The major problem of cooperatives in India is the Government .plus there are some other problems they are explained as given below


1)      Non-accountability:

It is like if a child when given too many benefits it gets spoiled.

The same is the case with cooperatives in India. The government gave too many benefits to cooperatives like reservation of items extra benefits like finance facilities so also it was also provided with other support this was a good thing to do, but then there was no further accountability which led to these cooperatives becoming more and more lethargic. Besides as there was no competition they became more and more costly they were not at all efficient and the worst part was that the government allowed them to function like this and pass on the burden of costs to consumers.


2)      Vested interest of some people:

A lot of times people who are in position in control of cooperatives are actually people who have joined cooperatives for personal gains. One of the major problems this causes is conflicting of personal interests with the interest of the cooperatives now this affects the performance of the cooperatives in a negative way.


3)      Lack of coordination:

Generally what happens in cooperatives is that different cooperatives at different level don’t coordinate this makes the work of cooperatives difficult. Coordination is the key to success of any organization. The best example for this is AMUL which works best because of coordination


4)The Internal Free Rider Problem:

This problem arises when:

a) New members who provide very little capital enjoy the same benefits as long-standing or founding members who have major investments in the cooperative in fixed assets (plant, machinery, equipment) and working capital;


b) When the patronage of new members does not make the cooperative much more efficient or competitive by producing significant economies of scale. New members get a “free ride” on the investments and other efforts of existing members, thereby diluting the returns to existing members. In this situation, new members do not have much incentive to provide capital because it will not appreciate in value and existing members have little incentive to provide capital that will disproportionately benefit new members.


5)      Quality more than Quantity:

This is another major problem faced by different cooperatives who go in for quantity this causes a major problem because they think it’s a quick way to earn money so this basically affects the productivity.


6)      No Balanced Growth:

The cooperatives in northeast areas and in areas like West Bengal, Bihar, Orissa are not as well developed as the ones in Maharashtra and the ones in Gujarat. There is a lot of friction due to competition between different states, this friction affects the working of cooperatives.



7)      Political Interference:

Now this is the biggest problem faced by Sugar cooperatives in Maharashtra. The Politicians use the sugar coops as if they are their personal property and also they use it to their political advantage. This is the biggest problem of cooperatives as they use them to increase their vote bank. They also get their own favorites on the boards of such boards so they are on control these cooperatives.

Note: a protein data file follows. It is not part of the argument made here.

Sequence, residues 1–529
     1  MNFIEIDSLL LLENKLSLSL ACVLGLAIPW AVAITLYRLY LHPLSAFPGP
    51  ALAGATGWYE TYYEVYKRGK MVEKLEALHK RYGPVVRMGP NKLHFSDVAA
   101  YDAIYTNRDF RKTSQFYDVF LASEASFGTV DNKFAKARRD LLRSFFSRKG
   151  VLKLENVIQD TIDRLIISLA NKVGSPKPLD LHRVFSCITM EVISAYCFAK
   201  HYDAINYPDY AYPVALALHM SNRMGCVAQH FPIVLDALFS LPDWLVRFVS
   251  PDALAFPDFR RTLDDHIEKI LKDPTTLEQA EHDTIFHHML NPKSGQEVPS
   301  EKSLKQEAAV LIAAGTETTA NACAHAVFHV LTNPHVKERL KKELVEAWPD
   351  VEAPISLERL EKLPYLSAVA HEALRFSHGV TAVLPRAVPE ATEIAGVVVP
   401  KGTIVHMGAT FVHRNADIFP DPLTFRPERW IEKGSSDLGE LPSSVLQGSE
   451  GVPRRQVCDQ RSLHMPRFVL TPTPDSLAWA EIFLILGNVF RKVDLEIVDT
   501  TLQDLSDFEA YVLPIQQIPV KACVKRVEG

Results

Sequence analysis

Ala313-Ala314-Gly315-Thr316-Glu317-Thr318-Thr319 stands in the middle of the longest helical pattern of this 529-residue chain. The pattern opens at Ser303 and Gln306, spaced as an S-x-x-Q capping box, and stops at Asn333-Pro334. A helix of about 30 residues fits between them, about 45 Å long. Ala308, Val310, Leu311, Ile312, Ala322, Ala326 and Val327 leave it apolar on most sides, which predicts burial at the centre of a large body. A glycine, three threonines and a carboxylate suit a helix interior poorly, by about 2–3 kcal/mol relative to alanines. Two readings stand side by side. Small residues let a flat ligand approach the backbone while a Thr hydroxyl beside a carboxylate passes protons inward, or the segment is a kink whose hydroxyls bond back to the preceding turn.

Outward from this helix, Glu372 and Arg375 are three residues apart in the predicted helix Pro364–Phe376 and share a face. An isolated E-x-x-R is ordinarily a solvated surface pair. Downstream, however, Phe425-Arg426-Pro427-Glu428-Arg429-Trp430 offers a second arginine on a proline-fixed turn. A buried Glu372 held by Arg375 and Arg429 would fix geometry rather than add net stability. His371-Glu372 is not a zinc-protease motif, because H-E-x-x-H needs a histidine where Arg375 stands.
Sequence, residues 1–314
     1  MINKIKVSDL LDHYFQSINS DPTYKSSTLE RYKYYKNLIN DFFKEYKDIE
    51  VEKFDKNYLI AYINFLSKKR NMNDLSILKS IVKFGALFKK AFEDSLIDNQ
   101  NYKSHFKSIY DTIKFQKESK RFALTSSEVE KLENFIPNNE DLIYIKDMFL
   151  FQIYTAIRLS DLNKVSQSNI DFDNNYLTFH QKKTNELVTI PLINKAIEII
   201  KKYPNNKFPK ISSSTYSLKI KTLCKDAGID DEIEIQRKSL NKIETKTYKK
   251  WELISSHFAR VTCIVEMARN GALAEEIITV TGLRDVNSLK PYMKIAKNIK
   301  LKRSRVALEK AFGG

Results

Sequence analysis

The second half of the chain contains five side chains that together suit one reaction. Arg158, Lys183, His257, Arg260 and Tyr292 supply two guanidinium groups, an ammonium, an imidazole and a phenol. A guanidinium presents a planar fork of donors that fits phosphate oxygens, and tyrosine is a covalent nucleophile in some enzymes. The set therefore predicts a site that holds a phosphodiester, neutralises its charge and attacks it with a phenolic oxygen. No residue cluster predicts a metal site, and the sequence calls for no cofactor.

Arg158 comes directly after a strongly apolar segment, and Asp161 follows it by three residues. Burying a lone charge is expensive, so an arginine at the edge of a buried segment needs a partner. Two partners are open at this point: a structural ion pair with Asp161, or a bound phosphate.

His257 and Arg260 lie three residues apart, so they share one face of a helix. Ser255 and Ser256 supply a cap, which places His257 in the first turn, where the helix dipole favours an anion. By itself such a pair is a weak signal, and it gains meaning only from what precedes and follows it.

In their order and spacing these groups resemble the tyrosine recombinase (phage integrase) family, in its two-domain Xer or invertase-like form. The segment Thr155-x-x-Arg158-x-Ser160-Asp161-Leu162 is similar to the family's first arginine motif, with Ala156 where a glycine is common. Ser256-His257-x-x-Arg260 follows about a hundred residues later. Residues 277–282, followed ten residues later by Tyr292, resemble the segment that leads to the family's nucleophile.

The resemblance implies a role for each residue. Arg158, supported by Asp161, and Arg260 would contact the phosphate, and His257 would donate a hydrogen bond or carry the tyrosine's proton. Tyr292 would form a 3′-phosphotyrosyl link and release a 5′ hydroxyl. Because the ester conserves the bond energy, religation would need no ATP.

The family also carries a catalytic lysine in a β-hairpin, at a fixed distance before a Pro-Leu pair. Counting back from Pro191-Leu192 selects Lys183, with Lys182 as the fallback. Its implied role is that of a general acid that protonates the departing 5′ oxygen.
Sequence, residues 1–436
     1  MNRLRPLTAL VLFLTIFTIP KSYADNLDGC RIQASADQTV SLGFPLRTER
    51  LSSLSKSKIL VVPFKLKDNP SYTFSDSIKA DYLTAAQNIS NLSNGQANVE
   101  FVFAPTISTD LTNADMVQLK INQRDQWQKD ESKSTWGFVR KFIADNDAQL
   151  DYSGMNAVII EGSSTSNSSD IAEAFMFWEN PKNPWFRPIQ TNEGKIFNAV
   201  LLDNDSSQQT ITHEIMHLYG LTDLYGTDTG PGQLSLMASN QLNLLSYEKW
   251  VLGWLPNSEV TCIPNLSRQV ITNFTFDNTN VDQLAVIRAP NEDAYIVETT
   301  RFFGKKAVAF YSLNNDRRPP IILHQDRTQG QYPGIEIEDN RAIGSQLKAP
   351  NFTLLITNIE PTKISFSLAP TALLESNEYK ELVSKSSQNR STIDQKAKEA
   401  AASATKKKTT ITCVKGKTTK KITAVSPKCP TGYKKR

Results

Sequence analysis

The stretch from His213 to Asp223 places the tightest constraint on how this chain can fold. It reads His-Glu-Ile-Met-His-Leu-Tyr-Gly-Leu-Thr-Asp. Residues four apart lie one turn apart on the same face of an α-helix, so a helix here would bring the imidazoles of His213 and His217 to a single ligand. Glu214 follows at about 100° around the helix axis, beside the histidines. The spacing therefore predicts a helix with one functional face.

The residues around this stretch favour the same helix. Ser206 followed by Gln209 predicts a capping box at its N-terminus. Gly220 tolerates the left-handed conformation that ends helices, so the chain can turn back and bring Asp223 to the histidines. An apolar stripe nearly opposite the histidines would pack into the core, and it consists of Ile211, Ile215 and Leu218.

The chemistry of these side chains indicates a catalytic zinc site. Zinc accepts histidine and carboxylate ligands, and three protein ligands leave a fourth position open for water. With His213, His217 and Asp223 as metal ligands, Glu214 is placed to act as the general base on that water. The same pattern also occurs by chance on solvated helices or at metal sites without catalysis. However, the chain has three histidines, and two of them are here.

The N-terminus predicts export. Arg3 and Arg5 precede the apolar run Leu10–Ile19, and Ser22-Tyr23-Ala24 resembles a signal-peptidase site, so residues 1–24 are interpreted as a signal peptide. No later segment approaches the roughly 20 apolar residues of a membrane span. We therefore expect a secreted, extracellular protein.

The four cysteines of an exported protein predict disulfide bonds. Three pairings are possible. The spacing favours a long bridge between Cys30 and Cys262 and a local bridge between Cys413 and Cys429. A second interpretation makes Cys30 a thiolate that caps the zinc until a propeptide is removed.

GTB adds to the muddle created by co-op banks
The virtual collapse of the Global Trust Bank (GTB) has once again eroded depositor confidence in the banking system, already hit by several scams involving cooperative banks during 2002-04.

While many of the cooperative banks are on the road to recovery, some continue to struggle. Financial irregularities, mismanagement and involvement in the Rs. 252 crore- government securities scam led to the supercession of the boards of directors of over 17 co-operative banks in the state after February 2002.

This scam, which rocked the co-operative banking sector, involved the payment of money by co-operative banks to brokers like Home Trade and Giltedge Shares for investment in government securities.

While the brokers accepted the money, the banks failed to get physical possession of the securities.

Boards of directors of Nagpur (Rs 150 crore), Wardha (Rs 25 crore) and Osmanabad ( Rs 30 crore) district central co-operative banks were superseded, along with Sri Sadguru Jangli Maharaj (Rs 27 crore), Pavna (Rs 59.22 lakh), Suvarnayug (Rs 5.65 crore), Amravati People’s (Rs 9.5 crore) and Raghuvanshi (Rs 8 crore) co-operative banks due to the securities scam.


According to co-operation department officials, the Reserve Bank of India (RBI) has given the green signal for holding elections in the Pavna co-operative bank. The bank achieved a first of sort in recovery, when it recovered Rs 59.22 lakh from Harischandra Gat & Co for investing in IDBI bonds.


“The bank has now become stronger and made a profit of Rs 1.13 crore in the year-ended March 31, 2004. It’s net non-performing assets (NPAs) are now zero,” officials said.

The Jangli Maharaj bank has succeeded in reducing its loss from Rs 45 crore to Rs 15 crore as of March 2004.

“The People’s co-operative bank and Suvarnayug bank have done well but Rupee, Agrasen and Citizens’ co-operative banks are struggling, though further decline has been arrested,” officials said.

Another bank which faced supersession of board of directors in 2003 was the Jaihind co-operative bank. The RBI cancelled the licence of Adinath co-operative bank and a liquidator appointed.


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